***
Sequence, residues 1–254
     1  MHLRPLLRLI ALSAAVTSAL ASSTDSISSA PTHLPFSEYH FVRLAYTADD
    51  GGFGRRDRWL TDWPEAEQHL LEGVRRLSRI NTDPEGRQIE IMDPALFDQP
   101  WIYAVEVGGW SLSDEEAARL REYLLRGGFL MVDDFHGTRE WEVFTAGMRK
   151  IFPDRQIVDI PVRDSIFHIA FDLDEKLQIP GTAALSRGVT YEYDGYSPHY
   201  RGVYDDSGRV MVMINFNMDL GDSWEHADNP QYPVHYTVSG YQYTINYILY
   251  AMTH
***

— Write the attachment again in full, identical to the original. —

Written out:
Sequence, residues 1–254
     1  MHLRPLLRLI ALSAAVTSAL ASSTDSISSA PTHLPFSEYH FVRLAYTADD
    51  GGFGRRDRWL TDWPEAEQHL LEGVRRLSRI NTDPEGRQIE IMDPALFDQP
   101  WIYAVEVGGW SLSDEEAARL REYLLRGGFL MVDDFHGTRE WEVFTAGMRK
   151  IFPDRQIVDI PVRDSIFHIA FDLDEKLQIP GTAALSRGVT YEYDGYSPHY
   201  RGVYDDSGRV MVMINFNMDL GDSWEHADNP QYPVHYTVSG YQYTINYILY
   251  AMTH